STOP PRESS             US launches ‘Operation Swarmer’ with largest air offensive since 2003
Iran War Alert
GENERAL Moshe Ya`alon, a former chief of staff of the Israel Defence Forces, has revealed that Israel could neutralise the Iranian threat for several years by hitting dozens of targets spread around the country. General Ya`alon told the Hudson Institute in Washington on Thursday that the Iranian sites could be struck with greater accuracy than was achieved by the air force in its frequent `targeted assassinations` of Palestinian militants in the Gaza Strip. A sharp counter-strike against Israel could be expected, General Ya`alon said, including the launching of missiles from Iran and action by the Hezbollah militia in Lebanon, who have been provided by Iran with 12,000 rockets capable of hitting up to 80km inside Israel.
Civilians reported killed by military intervention in Iraq since invasion*:
Minimum: 33638
Maximum: 37754
Source: Iraq Body Count
Total number of US soldiers killed in Iraq since invasion = 2314
Total number of US soldiers wounded in Iraq since invasion= 17124
Total number of UK soldiers killed in Iraq since invasion = 103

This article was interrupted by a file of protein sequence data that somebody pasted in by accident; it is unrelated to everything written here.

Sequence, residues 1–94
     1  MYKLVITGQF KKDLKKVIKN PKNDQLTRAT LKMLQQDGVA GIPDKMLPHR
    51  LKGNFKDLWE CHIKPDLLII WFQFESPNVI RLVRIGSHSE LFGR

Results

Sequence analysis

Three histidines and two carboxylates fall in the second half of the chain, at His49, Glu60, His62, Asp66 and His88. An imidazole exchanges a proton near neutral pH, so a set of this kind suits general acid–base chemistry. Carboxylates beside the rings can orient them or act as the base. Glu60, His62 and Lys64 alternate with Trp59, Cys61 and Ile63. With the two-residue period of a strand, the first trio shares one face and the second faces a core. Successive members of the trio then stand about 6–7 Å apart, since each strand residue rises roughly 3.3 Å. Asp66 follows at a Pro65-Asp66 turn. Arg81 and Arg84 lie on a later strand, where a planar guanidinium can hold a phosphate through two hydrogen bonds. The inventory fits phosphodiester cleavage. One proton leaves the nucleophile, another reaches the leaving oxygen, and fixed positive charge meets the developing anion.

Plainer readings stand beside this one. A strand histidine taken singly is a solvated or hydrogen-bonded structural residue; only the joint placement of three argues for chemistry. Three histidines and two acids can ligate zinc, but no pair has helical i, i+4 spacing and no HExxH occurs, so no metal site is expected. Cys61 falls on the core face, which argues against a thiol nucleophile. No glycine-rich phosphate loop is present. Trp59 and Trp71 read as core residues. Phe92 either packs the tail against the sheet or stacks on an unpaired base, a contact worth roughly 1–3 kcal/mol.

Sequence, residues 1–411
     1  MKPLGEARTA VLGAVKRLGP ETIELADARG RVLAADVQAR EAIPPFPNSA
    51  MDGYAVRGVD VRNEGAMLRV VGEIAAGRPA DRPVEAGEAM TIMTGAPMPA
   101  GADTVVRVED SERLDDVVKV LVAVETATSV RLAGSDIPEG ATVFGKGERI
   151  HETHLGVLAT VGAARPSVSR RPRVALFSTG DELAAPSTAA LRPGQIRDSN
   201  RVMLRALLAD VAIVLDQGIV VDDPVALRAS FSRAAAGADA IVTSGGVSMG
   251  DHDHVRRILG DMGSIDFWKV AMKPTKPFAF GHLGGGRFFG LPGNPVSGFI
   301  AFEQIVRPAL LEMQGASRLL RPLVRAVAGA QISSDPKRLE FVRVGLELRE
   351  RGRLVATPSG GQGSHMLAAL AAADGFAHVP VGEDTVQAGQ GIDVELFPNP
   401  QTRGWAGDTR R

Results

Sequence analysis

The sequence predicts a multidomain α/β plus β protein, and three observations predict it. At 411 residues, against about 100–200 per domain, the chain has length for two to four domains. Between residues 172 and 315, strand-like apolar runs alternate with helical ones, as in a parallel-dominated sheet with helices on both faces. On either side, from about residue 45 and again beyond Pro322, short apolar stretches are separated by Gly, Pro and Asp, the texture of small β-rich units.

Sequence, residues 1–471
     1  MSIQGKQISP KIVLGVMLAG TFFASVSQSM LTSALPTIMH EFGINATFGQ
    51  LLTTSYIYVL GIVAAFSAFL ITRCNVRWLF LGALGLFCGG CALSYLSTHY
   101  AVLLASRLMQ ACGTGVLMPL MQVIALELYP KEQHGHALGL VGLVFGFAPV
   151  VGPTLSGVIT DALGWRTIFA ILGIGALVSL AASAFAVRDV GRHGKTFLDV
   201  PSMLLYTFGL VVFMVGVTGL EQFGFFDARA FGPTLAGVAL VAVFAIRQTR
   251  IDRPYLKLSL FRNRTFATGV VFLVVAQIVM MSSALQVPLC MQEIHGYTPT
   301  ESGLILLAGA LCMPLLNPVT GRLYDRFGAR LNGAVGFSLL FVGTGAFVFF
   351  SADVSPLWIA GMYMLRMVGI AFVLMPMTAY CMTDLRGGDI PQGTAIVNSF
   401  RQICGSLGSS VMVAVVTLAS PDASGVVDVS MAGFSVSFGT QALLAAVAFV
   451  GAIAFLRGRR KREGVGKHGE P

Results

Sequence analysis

Total number of soldiers from other nations killed since invasion = 103
Source: Iraq Coalition Casualty Count
*This estimate is only of media reported deaths. A peer reviewed epidemiological survey (Roberts et al., The Lancet, Vol 364 Issue 9448 pp 1857 1864) estimated that in the 18 months following the invasion 100, 000 excess deaths or more have occurred.  Violence accounted for most of the excess deaths and air strikes from coalition forces accounted for most violent deaths. Criticisms of IBC methodology can be found at medialens
For background to the current war in Iraq: see "Understanding the Us-Iraq Crisis" by Phyllis Benis and "Why Another War? A Backgrounder on the Iraq Crisis" by Sarah Graham-Brown and Chris Toensing.
See this Bulletin on the web at http://www.swcoalition.freeuk.com/